So when Barack Obama, a largely unknown politician before the 2008 election season, comes out saying, “Yes, we can!” that is a powerful message for anyone who feels disenfranchised by the current system. And it’s a story they’re already telling themselves. They just need someone brave enough to step up and guide them.
This is an important point. Elections are not won by heroes, as author and entrepreneur Donald Miller argues in his popular marketing workshop StoryBrand. They’re won by guides. John McCain was a war hero. He lost. Mitt Romney was a capable businessman and effective governor whose slogan was “Believe in America.”
Believe in America? That’s a nice public service announcement, but it’s far from a war cry. And it doesn’t stand a chance against the empowering “Yes, We Can!”
In fact, it suggests that people aren’t believing in America, which is the opposite of what you want when you’re campaigning for the job to run this country. In the end, it’s the simplest messages that tell stories the audience wants to hear that win.
Maybe this doesn’t seem right or fair. But those kinds of gripings do not get you elected, and they do not get people to buy your product. Any marketer worth their chops knows that you have to follow the market. And the truth is if you understand the rules of the game, you stand a chance at winning it.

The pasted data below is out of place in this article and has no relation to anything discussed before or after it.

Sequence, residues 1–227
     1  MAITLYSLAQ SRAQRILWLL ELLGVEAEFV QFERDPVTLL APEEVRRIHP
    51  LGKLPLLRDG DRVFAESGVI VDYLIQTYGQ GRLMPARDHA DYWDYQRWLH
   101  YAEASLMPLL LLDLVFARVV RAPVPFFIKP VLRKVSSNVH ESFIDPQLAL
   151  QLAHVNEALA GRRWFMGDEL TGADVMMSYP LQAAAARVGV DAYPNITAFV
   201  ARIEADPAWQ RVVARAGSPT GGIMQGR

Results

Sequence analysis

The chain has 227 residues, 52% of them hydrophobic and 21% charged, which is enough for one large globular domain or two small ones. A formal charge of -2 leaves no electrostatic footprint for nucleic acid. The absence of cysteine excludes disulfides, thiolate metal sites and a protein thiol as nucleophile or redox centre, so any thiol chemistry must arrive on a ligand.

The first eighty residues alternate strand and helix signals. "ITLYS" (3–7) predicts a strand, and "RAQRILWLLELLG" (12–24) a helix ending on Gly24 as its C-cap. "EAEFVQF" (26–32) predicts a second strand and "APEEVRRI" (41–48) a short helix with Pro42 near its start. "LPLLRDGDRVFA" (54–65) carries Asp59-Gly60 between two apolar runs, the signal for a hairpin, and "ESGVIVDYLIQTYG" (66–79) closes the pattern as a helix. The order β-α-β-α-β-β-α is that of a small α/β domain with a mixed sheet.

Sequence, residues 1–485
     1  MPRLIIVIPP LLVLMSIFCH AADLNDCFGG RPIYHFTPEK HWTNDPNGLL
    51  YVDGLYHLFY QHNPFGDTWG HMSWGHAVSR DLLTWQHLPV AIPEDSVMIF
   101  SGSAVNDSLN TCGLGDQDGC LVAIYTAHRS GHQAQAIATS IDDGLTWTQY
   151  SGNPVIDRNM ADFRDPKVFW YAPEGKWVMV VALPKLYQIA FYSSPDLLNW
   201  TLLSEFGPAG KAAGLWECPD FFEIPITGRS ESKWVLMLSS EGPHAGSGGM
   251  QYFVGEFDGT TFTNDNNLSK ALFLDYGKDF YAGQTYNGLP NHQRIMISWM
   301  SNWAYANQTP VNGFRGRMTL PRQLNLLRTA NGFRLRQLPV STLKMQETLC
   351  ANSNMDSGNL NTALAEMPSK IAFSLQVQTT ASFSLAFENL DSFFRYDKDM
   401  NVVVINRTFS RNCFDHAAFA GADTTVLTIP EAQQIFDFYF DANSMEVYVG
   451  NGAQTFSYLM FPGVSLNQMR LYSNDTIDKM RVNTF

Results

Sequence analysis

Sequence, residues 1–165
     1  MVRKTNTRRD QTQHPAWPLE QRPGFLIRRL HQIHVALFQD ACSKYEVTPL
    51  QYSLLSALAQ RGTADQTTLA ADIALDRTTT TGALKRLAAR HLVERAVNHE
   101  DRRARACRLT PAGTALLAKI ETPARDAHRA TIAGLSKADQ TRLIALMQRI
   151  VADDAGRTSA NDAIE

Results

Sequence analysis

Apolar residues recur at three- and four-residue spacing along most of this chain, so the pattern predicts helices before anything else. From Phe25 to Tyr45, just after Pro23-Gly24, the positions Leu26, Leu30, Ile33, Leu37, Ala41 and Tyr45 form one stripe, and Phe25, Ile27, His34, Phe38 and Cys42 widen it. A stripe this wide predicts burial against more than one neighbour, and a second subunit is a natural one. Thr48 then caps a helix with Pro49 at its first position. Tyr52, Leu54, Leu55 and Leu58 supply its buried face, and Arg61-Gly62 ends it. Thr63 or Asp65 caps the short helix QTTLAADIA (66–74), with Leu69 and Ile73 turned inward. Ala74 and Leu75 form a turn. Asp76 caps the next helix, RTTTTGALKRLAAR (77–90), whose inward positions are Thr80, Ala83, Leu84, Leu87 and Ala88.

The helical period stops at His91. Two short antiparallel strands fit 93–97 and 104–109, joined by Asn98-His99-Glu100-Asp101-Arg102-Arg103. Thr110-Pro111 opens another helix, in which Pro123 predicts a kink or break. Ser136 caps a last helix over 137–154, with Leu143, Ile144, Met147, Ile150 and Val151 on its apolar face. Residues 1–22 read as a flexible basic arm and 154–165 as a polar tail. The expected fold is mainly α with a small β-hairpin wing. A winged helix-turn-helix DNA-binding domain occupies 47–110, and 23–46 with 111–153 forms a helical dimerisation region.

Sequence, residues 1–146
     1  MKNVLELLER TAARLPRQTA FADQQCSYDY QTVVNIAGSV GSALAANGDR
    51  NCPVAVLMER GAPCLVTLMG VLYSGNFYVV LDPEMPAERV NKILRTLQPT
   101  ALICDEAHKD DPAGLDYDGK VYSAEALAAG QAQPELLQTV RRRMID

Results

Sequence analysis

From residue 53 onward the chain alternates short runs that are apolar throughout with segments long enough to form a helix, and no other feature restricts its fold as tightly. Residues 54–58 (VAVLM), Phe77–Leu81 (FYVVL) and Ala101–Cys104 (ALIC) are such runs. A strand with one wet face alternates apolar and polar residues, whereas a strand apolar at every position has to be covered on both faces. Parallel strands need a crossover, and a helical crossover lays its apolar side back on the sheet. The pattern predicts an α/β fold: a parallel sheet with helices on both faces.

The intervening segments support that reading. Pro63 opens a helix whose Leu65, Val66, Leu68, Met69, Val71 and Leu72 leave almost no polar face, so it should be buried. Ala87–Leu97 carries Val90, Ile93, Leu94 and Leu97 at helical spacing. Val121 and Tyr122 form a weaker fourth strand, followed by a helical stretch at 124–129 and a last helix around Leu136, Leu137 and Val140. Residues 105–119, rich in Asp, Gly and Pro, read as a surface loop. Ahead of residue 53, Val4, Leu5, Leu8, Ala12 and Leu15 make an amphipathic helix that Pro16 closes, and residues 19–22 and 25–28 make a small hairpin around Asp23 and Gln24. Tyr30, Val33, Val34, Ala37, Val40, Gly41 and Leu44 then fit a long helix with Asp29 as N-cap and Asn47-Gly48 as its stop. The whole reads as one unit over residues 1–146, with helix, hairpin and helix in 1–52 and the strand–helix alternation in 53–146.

Did third-party votes cost Hillary Clinton the election?
Did a campaign message that was far from easy to understand contribute to it, as well?
Just take note at the things people have said in the surprising results of Trump sweeping the electoral votes. “Isn’t HRC qualified for the job? Doesn’t she deserve to be president, after all the work she’s done for America?”
As noble as those questions may be, they are the wrong ones to ask. The right question is: Who told the better story?
As Murray S. Davis wrote,
“If the defining characteristic of anything which some audience considers interesting is that it stands out in their attention in contrast to the routinized taken-for-granted world of their everyday life, then the defining characteristic of a theory which some audience considers interesting is that it stands out in their attention in contrast to the web of routinely taken-for-granted propositions which make up the theoretical structure of their everyday life.”
So when Hillary Clinton said, “America is already great,” it was not as interesting as “Make America Great Again.”
A friend of mine told me days before the election, “If Trump wins, it will be because nostalgia is greater than novelty.”
It turns out, he was right. America would rather return to some nondescript Golden Age than it would make gradual progress in the same direction. And that’s what it really comes down to.
If you want to share a compelling message that moves people to action, you must tell them the story they want to hear, do it in an interesting way that is an attack on the taken-for-granted, and do so in a clear and concise way.
And that, boys and girls, is how you become president, regardless of how true or good your ideas may be.